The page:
Historically, all electronics design was based on graphics. I remember hand-painting PCBs in High School and etching them in a FeCl3 solution. Lucky, I never had to draw individual transistors and masks sets in india ink. That time has long past as integrated circuits have become too complex to design one transistor at a time. Still, the concept that electronic circuits have to be visualized has somehow survived, long after the complexity of the largest ICs has surpassed what a single human brain can grasp.
Graphical design entry for VLSI design is dead. Or at least, it has no future.
Sigasi’s vision is to drop graphic design entry in favor of text based design entry. This requires two things:
(1) an easy way to type and edit designs in a text based way, and (2) graphic views that visualize the design.
Graphical programming comes in many different flavors:
- Dataflow based (like NI LabVIEW)
- One-dimensional graphical programs look and read like a traditional imperative, event driven program. The difference is that the programmer drags and connects statement blocks instead of typing statements. This is often used in educational settings, like Scratch or Google blockly.
- Behavioral (state-machines) visual programming is not a mainstream technique, except perhaps in digital circuit design. In Structural visual programming, the design contains boxes and specifies through which channels they can communicate. Useful in high-level software systems architecture, and for connecting reusable components.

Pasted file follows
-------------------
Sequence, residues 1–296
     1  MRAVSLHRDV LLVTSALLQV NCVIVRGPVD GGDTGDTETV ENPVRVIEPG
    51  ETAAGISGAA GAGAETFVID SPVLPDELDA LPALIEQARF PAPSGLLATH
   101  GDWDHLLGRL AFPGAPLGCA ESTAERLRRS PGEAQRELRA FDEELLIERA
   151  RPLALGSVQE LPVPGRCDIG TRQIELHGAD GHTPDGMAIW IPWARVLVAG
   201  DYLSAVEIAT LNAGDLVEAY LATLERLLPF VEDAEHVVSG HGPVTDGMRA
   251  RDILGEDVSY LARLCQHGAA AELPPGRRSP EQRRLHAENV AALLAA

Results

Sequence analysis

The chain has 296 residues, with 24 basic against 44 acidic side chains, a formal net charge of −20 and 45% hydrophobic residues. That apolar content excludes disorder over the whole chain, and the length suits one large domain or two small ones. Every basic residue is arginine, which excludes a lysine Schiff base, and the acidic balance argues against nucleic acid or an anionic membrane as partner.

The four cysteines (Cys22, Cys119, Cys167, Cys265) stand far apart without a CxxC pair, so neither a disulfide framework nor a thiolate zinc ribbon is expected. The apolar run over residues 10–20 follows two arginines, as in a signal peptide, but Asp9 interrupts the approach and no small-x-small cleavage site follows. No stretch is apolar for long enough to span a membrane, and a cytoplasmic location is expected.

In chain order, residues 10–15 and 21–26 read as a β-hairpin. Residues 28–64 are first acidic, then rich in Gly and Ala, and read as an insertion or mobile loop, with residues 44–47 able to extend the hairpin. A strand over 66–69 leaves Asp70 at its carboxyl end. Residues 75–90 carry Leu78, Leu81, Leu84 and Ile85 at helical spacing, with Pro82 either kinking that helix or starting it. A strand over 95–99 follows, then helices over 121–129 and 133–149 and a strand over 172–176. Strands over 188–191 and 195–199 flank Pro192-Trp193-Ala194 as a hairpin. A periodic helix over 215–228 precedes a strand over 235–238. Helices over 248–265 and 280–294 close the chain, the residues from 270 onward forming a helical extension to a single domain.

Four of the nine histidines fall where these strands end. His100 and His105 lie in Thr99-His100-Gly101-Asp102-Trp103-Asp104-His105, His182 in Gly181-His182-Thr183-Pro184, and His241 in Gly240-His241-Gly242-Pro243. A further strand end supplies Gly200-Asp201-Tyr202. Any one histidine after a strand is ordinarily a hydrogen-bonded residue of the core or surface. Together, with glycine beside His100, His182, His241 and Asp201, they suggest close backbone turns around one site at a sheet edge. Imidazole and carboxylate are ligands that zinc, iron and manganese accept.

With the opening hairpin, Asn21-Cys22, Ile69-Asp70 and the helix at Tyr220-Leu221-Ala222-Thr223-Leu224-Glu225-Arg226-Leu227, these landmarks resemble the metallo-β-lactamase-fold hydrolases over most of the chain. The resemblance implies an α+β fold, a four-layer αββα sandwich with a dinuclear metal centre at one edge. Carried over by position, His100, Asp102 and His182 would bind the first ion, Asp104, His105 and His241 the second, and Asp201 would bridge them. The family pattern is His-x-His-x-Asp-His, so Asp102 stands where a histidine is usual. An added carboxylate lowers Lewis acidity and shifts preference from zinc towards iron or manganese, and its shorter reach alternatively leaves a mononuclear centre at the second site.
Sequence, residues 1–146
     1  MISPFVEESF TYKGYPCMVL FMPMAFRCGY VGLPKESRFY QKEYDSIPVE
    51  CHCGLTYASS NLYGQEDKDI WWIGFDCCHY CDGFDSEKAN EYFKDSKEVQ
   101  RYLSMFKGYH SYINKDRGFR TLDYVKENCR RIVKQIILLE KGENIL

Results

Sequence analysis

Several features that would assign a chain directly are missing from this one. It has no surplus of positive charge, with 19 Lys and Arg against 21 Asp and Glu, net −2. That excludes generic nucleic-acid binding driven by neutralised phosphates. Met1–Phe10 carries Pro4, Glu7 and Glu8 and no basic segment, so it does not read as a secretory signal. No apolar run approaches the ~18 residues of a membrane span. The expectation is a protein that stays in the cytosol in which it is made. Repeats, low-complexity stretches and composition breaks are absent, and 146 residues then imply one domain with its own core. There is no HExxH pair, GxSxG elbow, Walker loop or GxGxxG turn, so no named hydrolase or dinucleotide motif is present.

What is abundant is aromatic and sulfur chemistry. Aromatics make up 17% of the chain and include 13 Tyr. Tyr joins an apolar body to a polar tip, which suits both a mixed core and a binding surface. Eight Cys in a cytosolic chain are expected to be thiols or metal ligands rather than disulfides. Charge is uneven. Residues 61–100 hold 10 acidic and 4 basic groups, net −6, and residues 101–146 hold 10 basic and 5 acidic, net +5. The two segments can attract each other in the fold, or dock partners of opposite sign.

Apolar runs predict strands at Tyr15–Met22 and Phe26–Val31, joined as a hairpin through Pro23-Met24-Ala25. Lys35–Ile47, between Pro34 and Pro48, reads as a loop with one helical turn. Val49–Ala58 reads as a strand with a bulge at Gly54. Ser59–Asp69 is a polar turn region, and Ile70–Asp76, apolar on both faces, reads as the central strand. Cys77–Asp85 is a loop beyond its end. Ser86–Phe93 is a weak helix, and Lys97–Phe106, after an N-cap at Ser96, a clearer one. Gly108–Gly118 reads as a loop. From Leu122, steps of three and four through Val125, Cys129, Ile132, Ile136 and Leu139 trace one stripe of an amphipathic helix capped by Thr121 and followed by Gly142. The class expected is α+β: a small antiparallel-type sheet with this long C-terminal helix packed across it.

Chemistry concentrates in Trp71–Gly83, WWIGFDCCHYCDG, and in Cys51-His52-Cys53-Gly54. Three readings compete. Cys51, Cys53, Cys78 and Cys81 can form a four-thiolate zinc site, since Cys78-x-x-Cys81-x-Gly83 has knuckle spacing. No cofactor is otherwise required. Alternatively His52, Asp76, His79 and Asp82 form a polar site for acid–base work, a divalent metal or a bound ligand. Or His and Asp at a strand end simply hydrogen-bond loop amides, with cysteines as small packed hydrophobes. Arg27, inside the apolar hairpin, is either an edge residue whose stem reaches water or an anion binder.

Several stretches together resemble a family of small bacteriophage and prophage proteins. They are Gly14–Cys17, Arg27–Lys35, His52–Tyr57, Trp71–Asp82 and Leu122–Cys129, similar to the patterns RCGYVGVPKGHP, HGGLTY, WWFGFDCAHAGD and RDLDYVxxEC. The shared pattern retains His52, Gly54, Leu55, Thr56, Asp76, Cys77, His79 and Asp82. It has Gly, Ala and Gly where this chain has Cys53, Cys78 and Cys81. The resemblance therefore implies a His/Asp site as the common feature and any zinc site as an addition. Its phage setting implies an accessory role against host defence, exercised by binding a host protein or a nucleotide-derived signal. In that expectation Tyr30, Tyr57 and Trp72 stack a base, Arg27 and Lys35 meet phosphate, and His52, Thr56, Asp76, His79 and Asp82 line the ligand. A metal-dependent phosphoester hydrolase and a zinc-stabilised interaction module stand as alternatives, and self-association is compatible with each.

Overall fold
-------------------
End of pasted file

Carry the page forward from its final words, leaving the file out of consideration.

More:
- Bringing all of this together, there are various forms of hybrid programming. In a structural visualization, the designer can open one module and design the dataflow of that module. Mentor Graphics HDL Designer or Visual Elite are examples of tools that support hybrid programming.
Graphical programming (or visual programming) is very popular in several niches:
- educational and non-programmer tools
- flow-based: audio, video, measurement data
- formal behavior (FSMs)
- graphical design (GUI, games, …)
- database and data layout design
- and some domain specific sub-niches
Some good reasons for visualizing a complex design exist:
- Inspection: People unfamiliar with a complex design can get a general idea of how the design works, in a short amount of time.
- Navigation: Designers who are debugging or working on improvements can get to the correct file faster. They don’t need to memorize file names or directory structure. Instead they can click in graphic representations to navigate to the correct code.
- Documentation: Documentation is useful for understanding a design, and for reviewing its correctness. It is also required for various certification authorities.
Graphics serve a purpose as a means of communication. They exist to get a point across.
There are several disadvantages to graphical design entry for VLSI design.
Data format: There is no standard data format for graphical design entry, so all of your data is locked in to your vendor’s tools.